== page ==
Thursday, 30 June 2011

To Boldly Write


For Reginald Piggott there was such thing as national handwriting. The means to achieve it was a fountain pen, a medium nib and black ink. The Scottish calligrapher amassed thousands of handwriting samples from all over the country and provided a glimpse into the British people’s writing styles and preferred writing implements in his book Handwriting: A National Survey, which was published in 1958. More than 50 years on, all his neat classifications are not applicable any more but his findings are still fascinating.

At the time of his research only 15 per cent of his subjects were ballpoint pen users as the Biro had only been recently mass produced and popularised.  Those who took to it readily were farmers, manual workers and entertainers, while students and lawyers stuck with the fountain pen. Biro-wielding manual workers were, however, top of the class as far as legible handwriting was concerned together with typographers and military men who would rather use a fountain pen.

Teachers and secretaries did fine in handwriting neatness but artists, scientists and company directors produced absolutely illegible scribbles. Artists tended to use the italic while lawyers and clerks preferred the round, cursive hand. Peggott called the latter “Civil Service” and found that a staggering 43 per cent of those who answered his questionnaire used it. The most elaborate hand, Copperplate, a style both difficult and time-consuming to produce, was used by railway workers, lorry and bus drivers.


Roland Barthes would be delighted to read Piggott’s investigations on the colour of ink used by the Britons. Black was apparently a bold option and those who chose to boldly write in black ink were university lecturers, architects and artists but also Catholic priests and Grammar school boys. Blue-black was the colour men chose, blue the colour preferred by women. Lady novelists chose green ink while ballet dancers went for violet. Typographers favoured brown and teachers red.


Piggott wanted to instill good, solid, modern handwriting – “something of which we can be justly proud.” What national means today? It has rightly disintegrated. Biros or rollerballs have prevailed. Fountain pens have been marginalised as quills have been before them. I don’t know that lady novelists still go for green. Ink is rarely dispensed into pens manually; pens come pre-inked and clean. It is all fine. I am not for the oppression of handwriting rules and I never understood why schools still insist that letters should be “joined.” And why should we be subjected to the tyranny of the inkwell and the scratchiness of the steel pen. Let the nation revel in unclassified script and Uni-Balls.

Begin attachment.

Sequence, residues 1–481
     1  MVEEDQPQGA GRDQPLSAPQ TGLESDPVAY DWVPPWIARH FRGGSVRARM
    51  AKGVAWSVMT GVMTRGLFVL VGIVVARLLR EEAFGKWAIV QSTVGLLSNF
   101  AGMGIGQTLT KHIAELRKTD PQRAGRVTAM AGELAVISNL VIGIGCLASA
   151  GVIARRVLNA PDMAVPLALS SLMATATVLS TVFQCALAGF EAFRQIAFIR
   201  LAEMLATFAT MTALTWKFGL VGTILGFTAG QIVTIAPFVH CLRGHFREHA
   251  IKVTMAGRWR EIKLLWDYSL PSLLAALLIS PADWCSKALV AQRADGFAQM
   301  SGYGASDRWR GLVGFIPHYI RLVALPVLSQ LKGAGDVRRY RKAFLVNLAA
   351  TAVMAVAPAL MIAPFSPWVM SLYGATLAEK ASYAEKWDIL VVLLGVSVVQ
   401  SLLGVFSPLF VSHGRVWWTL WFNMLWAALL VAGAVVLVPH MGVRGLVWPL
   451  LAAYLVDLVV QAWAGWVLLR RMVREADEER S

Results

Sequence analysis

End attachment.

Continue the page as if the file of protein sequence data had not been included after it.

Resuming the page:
But I see that handwriting is becoming a somewhat quaint way of communicating with others. Would a railway worker unionist write a letter of protest to his boss in copperplate hand? Would a student compose her thesis with a fountain pen?  Handwriting is becoming an antiquated art. It is usually directed to oneself (in journaling), is restricted to jotted notes on the family fridge, in schools they still write but for how long.

I am confronted with this excellent quality G. Lalo correspondence cards sent to me kindly by Exaclair. Confronted with this exquisite paper I become reticent. There is pressure. G. Lalo invites me, nay demands of me, to perform not only my best handwriting but also to put down my best thoughts lest I defile with meaningless outpourings the ribbed writing surface, and what then? Erasure is of course impossible.


And thus I reach for the keyboard. Which promises the possibility of clean expurgation, the elimination of unworthy thoughts and typos. And thus, I can boldly write.





3 comments:

  1. I've been thinking about handwriting as well - by a coincidence I've just posted something about it after seeing a newspaper article in the Graun on proposals to reform the teaching of handwriting in German schools.

    Funny, I've always favoured black ink. For years I thought blue ink was dull, and blue-black ink even worse (I've since changed my mind and use all of them). I don't suppose Piggott categorised people who use turquoise ink, then?

    BTW that G.Lalo stationery looks lovely. You're right; better practise your handwriting before you use that paper.

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  2. Yes, writing on a piece of good paper puts the pressure on. And then you do write and then you have to cross things out and the whole thing is a mess. Of course one can always make a "feature" out of mess. G.Lalo is marvellous, I've written on one card with a dip pen and it feels just great.

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